The List of Adrian Messenger Reviews
The narrative is quite slow in the middle but makes up for it in a climax in which many cameo stars appear in heavy makeup.
For it's time, the makeup effects are very good and the gimmick works quite well. Hitchcock would have made a masterpiece of this.
The vehicle for this cash-in is a plot wherein the eponymous writer believes a succession of ostensibly isolated "accidental" deaths are really related murders. He asks his friend George C. Scott, just retired from MI5, to help resolve the obscurity, but Messenger's plane is sabotaged while he's on the way to gather data to corroborate his fears and, with his last lungful of air, he struggles to impart to a fellow passenger a crucial clue. What do you know, the passenger just so happens to be the sole survivor and‚¶just so happens to be Scott's old WWII Resistance comrade. They collaborate to probe Messenger's inventory of names, and decipher his puzzling last gasps. Aside from the ones that insult us, more than a few story aspects in the film are akin to The Hound of the Baskervilles, like hounds, the intentions of the killer, the allusions to Canada, and the exposure of the killer using a hoax.
While we discover rather soon who the killer is, the obscurity of his intentions and the anticipation of his capture are enough to keep going, even if not gripped by genuine tension or suspense. Burdened with a rasping, implausible plot, maybe this lockstep adventure should've been set in Victorian times to oblige its villain with an infatuation with costumes, its Edwardian-style consulting sleuth in a bowler hat, and its foul play in a misty Thames Path.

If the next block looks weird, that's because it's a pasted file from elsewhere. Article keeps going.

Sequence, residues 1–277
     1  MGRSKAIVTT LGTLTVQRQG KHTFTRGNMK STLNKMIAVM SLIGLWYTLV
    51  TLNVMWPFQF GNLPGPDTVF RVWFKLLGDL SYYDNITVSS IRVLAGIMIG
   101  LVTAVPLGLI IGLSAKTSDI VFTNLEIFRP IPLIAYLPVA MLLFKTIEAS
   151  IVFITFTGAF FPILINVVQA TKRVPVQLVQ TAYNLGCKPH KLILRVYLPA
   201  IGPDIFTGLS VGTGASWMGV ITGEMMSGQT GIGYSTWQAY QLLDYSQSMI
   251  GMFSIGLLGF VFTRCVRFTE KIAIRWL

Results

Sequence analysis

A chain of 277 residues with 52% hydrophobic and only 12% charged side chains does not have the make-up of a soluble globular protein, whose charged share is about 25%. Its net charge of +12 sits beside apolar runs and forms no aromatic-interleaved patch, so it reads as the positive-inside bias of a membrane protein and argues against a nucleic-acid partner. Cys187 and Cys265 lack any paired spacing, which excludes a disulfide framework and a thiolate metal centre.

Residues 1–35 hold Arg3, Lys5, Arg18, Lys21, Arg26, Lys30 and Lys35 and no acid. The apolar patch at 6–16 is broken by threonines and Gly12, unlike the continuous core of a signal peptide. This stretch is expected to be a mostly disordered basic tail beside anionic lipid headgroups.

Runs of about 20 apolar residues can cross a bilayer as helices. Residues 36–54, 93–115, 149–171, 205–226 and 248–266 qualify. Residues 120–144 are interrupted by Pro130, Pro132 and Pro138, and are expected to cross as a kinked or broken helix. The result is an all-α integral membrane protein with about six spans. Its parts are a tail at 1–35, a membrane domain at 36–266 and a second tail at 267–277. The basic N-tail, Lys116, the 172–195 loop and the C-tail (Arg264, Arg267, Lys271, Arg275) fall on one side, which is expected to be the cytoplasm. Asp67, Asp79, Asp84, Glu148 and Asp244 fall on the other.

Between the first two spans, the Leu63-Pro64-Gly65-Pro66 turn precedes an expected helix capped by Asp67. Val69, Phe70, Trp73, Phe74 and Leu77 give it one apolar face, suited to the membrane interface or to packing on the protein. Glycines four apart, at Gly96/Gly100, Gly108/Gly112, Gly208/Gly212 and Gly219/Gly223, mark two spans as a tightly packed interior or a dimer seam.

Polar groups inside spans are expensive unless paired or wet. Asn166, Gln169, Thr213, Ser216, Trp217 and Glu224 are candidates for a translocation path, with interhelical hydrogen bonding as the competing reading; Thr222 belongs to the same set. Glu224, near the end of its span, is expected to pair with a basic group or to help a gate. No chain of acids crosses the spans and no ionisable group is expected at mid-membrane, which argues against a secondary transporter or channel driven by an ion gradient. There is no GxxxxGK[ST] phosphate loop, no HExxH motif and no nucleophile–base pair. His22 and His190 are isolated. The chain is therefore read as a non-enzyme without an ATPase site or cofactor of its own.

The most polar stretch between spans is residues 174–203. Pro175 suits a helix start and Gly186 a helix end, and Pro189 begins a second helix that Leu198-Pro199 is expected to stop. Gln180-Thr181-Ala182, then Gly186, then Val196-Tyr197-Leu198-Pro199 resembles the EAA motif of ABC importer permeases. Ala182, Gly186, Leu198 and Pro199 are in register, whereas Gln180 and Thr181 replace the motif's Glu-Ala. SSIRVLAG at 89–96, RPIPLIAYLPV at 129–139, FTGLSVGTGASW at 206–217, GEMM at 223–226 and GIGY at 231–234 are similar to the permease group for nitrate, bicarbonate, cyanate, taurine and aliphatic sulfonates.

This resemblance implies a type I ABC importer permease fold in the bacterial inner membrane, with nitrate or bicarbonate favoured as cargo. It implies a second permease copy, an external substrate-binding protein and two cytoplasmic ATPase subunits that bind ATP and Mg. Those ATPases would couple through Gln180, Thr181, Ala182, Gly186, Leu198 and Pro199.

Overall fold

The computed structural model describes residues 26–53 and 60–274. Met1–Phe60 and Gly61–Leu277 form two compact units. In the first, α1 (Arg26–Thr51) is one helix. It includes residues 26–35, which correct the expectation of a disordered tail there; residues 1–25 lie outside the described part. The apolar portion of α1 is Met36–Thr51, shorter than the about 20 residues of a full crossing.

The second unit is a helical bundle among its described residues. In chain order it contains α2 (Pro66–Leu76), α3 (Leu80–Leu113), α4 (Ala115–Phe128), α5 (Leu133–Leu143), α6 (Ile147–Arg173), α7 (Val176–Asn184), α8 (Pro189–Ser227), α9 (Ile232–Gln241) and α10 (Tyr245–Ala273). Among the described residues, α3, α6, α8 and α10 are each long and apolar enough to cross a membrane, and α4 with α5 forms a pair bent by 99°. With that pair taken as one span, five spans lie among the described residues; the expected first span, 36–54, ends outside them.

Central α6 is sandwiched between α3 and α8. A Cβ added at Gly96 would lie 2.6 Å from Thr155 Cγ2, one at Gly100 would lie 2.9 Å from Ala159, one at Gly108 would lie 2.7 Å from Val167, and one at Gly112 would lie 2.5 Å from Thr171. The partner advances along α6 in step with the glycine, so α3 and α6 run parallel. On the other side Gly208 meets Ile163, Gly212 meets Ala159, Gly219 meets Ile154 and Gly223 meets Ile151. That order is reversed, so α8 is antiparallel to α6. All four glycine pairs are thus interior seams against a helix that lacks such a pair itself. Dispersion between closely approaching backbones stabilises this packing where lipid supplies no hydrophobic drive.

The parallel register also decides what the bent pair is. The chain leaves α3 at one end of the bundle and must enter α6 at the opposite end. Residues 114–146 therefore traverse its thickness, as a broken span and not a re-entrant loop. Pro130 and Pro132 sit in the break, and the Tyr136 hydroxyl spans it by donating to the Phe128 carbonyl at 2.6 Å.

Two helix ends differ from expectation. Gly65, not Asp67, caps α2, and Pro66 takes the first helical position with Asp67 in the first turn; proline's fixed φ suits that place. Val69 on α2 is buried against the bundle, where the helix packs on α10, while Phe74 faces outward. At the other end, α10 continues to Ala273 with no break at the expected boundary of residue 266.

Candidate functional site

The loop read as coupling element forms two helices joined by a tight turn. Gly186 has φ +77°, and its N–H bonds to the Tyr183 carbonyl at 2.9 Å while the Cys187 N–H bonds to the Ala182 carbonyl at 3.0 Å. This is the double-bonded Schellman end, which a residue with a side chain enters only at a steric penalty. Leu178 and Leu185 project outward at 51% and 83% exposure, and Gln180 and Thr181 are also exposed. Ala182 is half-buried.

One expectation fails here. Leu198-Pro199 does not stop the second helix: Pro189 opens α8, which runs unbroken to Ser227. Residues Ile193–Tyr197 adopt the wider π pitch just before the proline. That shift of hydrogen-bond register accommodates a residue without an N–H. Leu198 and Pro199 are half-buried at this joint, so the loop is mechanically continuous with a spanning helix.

There is something I quite liked, maybe because it took the edge off, made me relax and enjoy the kitsch. Before the haunting trumpet solos of Chinatown, the strange and threatening cues of Alien or the atmospheric strings of Basic Instinct, a comparatively green-horned Jerry Goldsmith shaped an evocative, and purely '60s-kitsch, ambiance out of an instrumental jumble incorporating saxophone, electric guitar, tuba, harp and the definitive eerie UFO-suggestive electronic whistle that creates nostalgic vibes as when we hear it in The Lost Weekend, Spellbound and BBC's Midsomer Murders.
The plot's routine in conception and excecution, but the fun here is to see if you can spot some stellar names--- Kirk Douglas, Robert Mitchum, Tony Curtis, Burt Lancaster, Frank Sinatra. All these folks made up in funny faces. Should provide a good time to mystery buffs.
Directed by John Huston
Produced by Edward Lewis
Written by Anthony Veiller (screenplay)
George C Scott
Music by Jerry Goldsmith
I Love a mystery and as previoiusly stated this is many mysteries within a mystery. Still today, I often forget and have to wait for the revealed characters to recognize the corresponding actor.
Few Frank Sinatra Fair showcase his potential as an actor as well as this...so watch.